I will say the politics and backbiting at play were pretty interesting. I enjoyed watching a queen actually rule and then butt up against the Black Council. Francesca stopped at nothing to get her way and have her power, which was downright dastardly. She convinced a lot of people to lie on her behalf, to the point I have to suspend my disbelief. She’s pulling strings brilliantly and she makes a good, cold, calculating villain. It’s a shame this was just a novella, because there’s a lot of room to expand on how these conspirators moved the pieces into place to depose of Elsabet. Her reign set the tone for why oracle queens are killed, so that deserves some serious delving into. I feel like this just scratched the surface. I like what Blake does with political machinations and I hope there’s a lot more of this in Two Dark Reigns.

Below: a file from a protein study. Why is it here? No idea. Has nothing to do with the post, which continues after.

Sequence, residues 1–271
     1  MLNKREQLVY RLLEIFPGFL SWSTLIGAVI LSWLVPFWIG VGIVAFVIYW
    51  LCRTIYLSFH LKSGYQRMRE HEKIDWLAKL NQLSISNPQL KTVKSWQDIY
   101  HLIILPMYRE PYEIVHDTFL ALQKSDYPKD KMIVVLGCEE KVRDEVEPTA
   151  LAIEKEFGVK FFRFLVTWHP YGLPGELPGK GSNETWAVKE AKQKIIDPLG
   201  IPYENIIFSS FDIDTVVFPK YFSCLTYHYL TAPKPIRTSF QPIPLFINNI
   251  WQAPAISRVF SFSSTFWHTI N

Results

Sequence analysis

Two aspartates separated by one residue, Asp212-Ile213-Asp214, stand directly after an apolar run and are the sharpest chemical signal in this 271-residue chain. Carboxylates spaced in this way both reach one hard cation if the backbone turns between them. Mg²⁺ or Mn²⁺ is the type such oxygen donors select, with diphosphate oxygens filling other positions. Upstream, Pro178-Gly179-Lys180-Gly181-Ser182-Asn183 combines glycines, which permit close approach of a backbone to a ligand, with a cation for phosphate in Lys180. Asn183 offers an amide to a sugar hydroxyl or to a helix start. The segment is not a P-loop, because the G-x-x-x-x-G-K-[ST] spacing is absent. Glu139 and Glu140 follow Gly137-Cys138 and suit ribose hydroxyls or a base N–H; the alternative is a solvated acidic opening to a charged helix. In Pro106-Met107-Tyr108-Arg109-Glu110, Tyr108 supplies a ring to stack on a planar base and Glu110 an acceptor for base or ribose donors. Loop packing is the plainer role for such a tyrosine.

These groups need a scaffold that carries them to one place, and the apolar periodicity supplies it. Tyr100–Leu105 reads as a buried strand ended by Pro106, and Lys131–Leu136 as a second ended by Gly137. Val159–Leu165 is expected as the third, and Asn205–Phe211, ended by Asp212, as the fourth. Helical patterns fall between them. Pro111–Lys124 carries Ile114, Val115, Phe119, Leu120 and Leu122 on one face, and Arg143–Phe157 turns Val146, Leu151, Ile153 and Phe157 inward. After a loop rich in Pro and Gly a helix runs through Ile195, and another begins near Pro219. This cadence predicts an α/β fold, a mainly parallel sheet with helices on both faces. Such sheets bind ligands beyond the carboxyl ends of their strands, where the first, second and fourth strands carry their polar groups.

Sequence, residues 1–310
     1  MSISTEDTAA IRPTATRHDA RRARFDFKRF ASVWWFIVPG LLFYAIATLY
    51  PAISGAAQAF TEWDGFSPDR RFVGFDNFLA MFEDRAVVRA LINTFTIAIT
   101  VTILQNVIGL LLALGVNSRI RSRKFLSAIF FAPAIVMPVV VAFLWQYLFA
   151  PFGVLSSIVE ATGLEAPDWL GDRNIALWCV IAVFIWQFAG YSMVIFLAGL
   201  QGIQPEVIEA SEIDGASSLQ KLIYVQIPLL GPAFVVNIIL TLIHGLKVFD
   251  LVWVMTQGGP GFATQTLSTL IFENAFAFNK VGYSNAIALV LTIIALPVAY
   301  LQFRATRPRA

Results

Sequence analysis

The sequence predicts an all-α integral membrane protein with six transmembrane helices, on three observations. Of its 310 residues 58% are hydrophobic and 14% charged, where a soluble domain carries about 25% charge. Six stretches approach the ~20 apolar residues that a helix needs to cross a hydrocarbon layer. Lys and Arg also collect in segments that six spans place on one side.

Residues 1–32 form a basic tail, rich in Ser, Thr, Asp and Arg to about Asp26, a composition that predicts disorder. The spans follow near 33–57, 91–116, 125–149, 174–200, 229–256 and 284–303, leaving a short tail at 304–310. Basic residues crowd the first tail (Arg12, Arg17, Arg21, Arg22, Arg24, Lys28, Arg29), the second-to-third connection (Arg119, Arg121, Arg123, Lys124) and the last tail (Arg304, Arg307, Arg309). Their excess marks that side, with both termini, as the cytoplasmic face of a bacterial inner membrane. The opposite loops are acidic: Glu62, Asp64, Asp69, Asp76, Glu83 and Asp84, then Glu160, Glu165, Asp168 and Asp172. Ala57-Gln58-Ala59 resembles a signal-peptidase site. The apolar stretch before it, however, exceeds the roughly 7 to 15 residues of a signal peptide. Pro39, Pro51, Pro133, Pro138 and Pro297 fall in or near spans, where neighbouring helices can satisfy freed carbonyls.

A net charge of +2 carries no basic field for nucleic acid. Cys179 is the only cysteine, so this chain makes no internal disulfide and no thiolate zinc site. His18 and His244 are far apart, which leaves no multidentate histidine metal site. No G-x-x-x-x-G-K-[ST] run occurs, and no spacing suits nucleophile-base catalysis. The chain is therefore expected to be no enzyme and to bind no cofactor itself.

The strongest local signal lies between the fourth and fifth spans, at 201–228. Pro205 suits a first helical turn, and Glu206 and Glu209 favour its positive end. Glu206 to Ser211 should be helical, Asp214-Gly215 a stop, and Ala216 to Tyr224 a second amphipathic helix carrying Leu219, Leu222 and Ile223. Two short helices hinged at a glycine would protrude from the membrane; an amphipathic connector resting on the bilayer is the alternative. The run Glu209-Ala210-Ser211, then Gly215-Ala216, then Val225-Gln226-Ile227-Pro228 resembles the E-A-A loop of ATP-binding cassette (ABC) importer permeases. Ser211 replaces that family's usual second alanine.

Also it was nice to get away from the triplets queens and by that I mean it was nice to get away from Jules who I feel is the lowest point in this whole series. I want more queens, less random NPCs.

Available Today on Kindle and Paperback

Posted on March 13, 2018 at 6:35 AM Comments comments (0)

Fearless as the Dawn

Pre-Order Today on Amazon

Posted on February 1, 2018 at 6:50 AM Comments comments (0)

The night Aleka Akoni's mother is murdered is the night everything changes. Aleka, once a pampered violinist for the nobility, suddenly finds herself the scullery maid for the man responsible for her mother's death. Alone, afraid, and legally bound as an indentured servant, Aleka sees no way out except in a pine box next to her mother. But a young woman can only take so much abuse before she fights back. Slowly, Aleka begins to formulate a plan for her future, a future beyond the law. A future in which the nobleman who killed her mother is subject to punishment for his crimes. There's word the Thieves' Guild or the dreaded pirate ship, the Fearless Dawn, will take on the young and desperate. But will Aleka's quest for freedom and revenge lead her to her own early grave?

The Sight - A Reviw